The problem with a demonization strategy based on voter unfamiliarity with a candidate is that the candidate usually gets a chance to either confirm or destroy the impression before an election takes place.  Harry Reid gambled on painting Sharron Angle as a nut, but in the end it was Reid who struggled to explain himself in the only debate in the Senate race for Nevada.  Veteran political analyst Jon Ralston, no fan of Angle, declares her the winner simply by showing Nevadans that she was far from the portrait of a lunatic that Reid had painted:

Angle won because she looked relatively credible, appearing not to be the Wicked Witch of the West (Christine O’Donnell is the good witch of the Tea Party) and scoring many more rhetorical points. And she won because Senate Majority Leader Harry Reid looked as if he could barely stay on a linear argument, abruptly switching gears and failing to effectively parry or thrust.

Ralston is not happy with the outcome — he quotes Percy Bysshe Shelley’s “Ozymandias” and says, “Look upon these works, ye mighty, and despair” — but he also notes that the media reached a consensus on the verdict, at least on Twitter:

NBC’s Chuck Todd: “Reid’s problem tonight is that while Angle wasn’t great, his performance made her look passable.”

Politico’s Dave Catanese: “Utterly subpar.”

Political Wire’s Taegan Goddard: “Reid didn’t knock out Angle but she had him on the ropes. Have to give the edge to Angle …”

Political writer Taylor Marsh may have summed it up best: “Sharron Angle passed the ‘I’m not crazy test’ with flying colors. Focused too. This lady just might pull this off. Reid didn’t take her out.”

Give Ralston some credit here.  It takes a heck of a leap to marry “Ozymandias” with Twitter, but Ralston nails it.  He laments Reid’s terrible performance, starting with a meandering and sometimes incoherent opening statement and continuing through his sarcasm, condescension, and inability to answer Angle’s attacks.  Ralston believes Reid may have talked himself out of his job.

Truthfully, though, Reid talked himself out of his job starting four years ago when he betrayed his constituents and signed onto the radical agendas of Nancy Pelosi and then Barack Obama.  Nevadans had thought they sent an independent, conservative-leaning, pro-life, pro-gun Democrat to the US Senate.  Instead, Reid shilled a massive tax-and-spend agenda.  Sharron Angle just needed to show that she’s not as crazy or extreme as Reid in order to win, and after the last four years, it turns out that her mission wasn’t nearly as tough as Reid’s mission to make her look more extreme than his performance over the past four years.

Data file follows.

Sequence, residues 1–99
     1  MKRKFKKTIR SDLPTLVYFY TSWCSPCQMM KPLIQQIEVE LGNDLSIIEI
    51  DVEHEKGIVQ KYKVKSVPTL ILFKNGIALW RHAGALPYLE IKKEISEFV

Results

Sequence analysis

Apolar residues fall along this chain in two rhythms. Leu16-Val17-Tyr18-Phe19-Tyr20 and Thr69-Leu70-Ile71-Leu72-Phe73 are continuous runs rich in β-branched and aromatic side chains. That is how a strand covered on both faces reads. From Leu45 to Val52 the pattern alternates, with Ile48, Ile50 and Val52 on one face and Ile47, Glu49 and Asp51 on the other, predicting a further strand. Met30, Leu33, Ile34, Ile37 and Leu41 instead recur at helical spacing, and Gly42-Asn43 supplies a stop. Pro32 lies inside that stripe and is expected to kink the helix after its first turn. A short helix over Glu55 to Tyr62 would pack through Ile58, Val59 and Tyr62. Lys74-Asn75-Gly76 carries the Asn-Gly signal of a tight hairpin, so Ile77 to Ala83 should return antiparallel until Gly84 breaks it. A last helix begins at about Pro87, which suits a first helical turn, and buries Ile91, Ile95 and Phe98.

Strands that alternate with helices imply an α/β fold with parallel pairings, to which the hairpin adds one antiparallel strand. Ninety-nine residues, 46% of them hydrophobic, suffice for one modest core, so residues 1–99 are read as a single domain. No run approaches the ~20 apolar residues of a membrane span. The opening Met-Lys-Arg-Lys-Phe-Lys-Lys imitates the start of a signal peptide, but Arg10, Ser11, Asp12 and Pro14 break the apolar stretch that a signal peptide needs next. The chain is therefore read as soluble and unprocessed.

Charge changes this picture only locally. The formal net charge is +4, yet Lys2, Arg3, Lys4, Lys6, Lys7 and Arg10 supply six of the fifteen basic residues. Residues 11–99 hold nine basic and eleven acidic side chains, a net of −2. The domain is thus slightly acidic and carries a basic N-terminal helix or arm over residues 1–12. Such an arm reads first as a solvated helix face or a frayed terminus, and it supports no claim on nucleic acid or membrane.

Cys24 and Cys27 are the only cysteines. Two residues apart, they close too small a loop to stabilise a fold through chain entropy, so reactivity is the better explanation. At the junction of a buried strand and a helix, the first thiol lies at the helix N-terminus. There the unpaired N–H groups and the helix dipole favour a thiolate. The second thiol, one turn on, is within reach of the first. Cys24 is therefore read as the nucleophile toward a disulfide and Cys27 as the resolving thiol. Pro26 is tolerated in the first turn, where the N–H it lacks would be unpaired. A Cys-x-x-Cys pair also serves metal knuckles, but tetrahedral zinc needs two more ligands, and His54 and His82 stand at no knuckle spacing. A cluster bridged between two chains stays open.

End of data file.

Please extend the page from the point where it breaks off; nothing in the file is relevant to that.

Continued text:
“Ozymandias” is a poem that speaks to the futility of empire and dynasty.  Although Ralston didn’t mean it in this context, it certainly seems applicable to the Reids, who appear to be heading for ignominious defeat in 2010.

Update: The New Republic wonders why Reid agreed to debate Angle at all, given his strategy of painting her as a lunatic:

Why Harry Reid agreed to have a debate with Sharron Angle is a bit of a mystery to me. If your campaign is based on portraying your opponent as loony, then why give that opponent a chance to look reasonable? Lyndon Johnson never debated Barry Goldwater. Then again, I’m no political strategist. And neither, I’ve come to see, is Harry Reid. So let’s focus on what matters now: that a debate was held in Nevada last night between Senate Majority Leader Harry Reid and his Republican challenger Sharron Angle. And its upshot was—sorry, folks—that Angle improved her chances.

T. A. Frank continues with complaints that Angle “lied,” had “far fewer scruples,” and so on, accusing Angle of being in another solar system at one point in the debate.  Clearly, Frank is no fan of Angle, but spends most of the column spanking Reid for being inadequate to the task and questioning his entire strategy.  But that prompts another question: do we want someone running the US Senate who couldn’t find his own closing statement with both hands and a spotlight, literally?

I’m no fan of televised debates, but they’re a fact of life in politics these days (Frank says that LBJ never debated Barry Goldwater, as if that happened last year).  A refusal to engage would be seen as either haughty arrogance or panicked desperation, especially the latter in a case where an entrenched incumbent spent the past several months painting his opponent as an idiot or lunatic, or a little of both.  Reid had no choice but to engage her, and his carefully constructed facade crumbled under the pressure.